A nuclear weapon is an explosive device that derives its destructive force from nuclear reactions, either fission or from a combination of fission and fusion reactions. Both bomb types release large quantities of energy from small amounts of matter; the first test of a fission bomb released an amount of energy equal to 20,000 tons of TNT. The first thermonuclear bomb test released energy equal to 10 million tons of TNT. A thermonuclear weapon weighing little more than 2,400 pounds can release energy equal to more than 1.2 million tons of TNT. A nuclear device no larger than traditional bombs can devastate an entire city by blast and radiation. Since they are weapons of mass destruction, the proliferation of nuclear weapons is a focus of international relations policy. Nuclear weapons have been used twice in war, both times by the United States against Japan near the end of World War II. On August 6, 1945, the U. S. Army Air Forces detonated a uranium gun-type fission bomb nicknamed "Little Boy" over the Japanese city of Hiroshima.
S. Army Air Forces detonated a plutonium implosion-type fission bomb nicknamed "Fat Man" over the Japanese city of Nagasaki; these bombings caused injuries that resulted in the deaths of 200,000 civilians and military personnel. The ethics of these bombings and their role in Japan's surrender are subjects of debate. Since the atomic bombings of Hiroshima and Nagasaki, nuclear weapons have been detonated over two thousand times for testing and demonstration. Only a few nations are suspected of seeking them; the only countries known to have detonated nuclear weapons—and acknowledge possessing them—are the United States, the Soviet Union, the United Kingdom, China, India and North Korea. Israel is believed to possess nuclear weapons, though, in a policy of deliberate ambiguity, it does not acknowledge having them. Germany, Turkey and the Netherlands are nuclear weapons sharing states. South Africa is the only country to have independently developed and renounced and dismantled its nuclear weapons.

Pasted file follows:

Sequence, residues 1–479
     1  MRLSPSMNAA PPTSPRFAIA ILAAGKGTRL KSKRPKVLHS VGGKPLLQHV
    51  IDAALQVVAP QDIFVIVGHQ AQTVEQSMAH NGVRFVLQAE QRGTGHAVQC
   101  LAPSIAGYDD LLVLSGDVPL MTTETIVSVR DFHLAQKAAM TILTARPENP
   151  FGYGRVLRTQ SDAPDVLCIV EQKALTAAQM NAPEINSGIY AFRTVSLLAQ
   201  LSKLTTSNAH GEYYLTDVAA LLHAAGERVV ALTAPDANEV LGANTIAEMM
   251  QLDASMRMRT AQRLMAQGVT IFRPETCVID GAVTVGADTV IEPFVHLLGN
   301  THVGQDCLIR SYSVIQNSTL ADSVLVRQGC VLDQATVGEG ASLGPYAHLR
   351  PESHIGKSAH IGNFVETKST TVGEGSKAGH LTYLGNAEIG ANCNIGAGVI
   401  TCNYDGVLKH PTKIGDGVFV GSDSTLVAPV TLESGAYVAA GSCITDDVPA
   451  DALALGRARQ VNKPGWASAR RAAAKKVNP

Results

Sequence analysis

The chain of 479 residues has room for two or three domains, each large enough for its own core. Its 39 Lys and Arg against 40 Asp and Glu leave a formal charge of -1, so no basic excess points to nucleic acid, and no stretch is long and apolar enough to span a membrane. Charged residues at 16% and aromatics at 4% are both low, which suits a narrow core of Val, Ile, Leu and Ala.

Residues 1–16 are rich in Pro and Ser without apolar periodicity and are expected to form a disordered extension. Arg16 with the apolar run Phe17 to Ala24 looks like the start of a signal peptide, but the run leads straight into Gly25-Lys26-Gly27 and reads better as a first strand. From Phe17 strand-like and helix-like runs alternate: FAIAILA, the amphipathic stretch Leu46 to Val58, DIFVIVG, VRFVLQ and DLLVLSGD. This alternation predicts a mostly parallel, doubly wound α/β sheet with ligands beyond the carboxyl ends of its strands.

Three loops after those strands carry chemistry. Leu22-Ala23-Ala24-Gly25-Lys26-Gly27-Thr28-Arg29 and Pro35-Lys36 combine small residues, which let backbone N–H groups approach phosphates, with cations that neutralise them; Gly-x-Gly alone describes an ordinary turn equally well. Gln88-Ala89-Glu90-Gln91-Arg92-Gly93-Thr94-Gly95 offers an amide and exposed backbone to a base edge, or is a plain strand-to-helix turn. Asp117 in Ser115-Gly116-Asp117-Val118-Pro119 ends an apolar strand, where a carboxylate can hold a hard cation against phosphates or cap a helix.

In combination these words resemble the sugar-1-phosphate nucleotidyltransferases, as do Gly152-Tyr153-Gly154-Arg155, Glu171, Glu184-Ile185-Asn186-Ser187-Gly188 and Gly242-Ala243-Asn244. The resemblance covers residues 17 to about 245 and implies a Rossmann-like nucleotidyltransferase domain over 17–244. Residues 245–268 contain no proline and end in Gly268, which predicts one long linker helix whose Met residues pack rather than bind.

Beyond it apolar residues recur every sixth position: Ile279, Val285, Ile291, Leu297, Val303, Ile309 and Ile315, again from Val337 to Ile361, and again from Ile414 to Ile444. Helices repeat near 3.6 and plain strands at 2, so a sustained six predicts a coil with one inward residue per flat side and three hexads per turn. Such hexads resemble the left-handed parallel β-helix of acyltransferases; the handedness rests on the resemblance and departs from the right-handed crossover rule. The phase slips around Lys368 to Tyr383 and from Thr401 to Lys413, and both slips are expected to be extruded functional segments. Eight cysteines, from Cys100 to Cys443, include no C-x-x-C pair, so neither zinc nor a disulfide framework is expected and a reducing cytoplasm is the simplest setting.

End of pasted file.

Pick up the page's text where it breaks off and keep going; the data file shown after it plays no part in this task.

The Treaty on the Non-Proliferation of Nuclear Weapons aims to reduce the spread of nuclear weapons, but its effectiveness has been questioned, political tensions remained high in the 1970s and 1980s. Modernisation of weapons continues to this day. There are two basic types of nuclear weapons: those that derive the majority of their energy from nuclear fission reactions alone, those that use fission reactions to begin nuclear fusion reactions that produce a large amount of the total energy output. All existing nuclear weapons derive some of their explosive energy from nuclear fission reactions. Weapons whose explosive output is from fission reactions are referred to as atomic bombs or atom bombs; this has long been noted as something of a misnomer, as their energy comes from the nucleus of the atom, just as it does with fusion weapons. In fission weapons, a mass of fissile material is forced into supercriticality—allowing an exponential growth of nuclear chain reactions—either by shooting one piece of sub-critical material into another or by compression of a sub-critical sphere or cylinder of fissile material using chemically-fueled explosive lenses.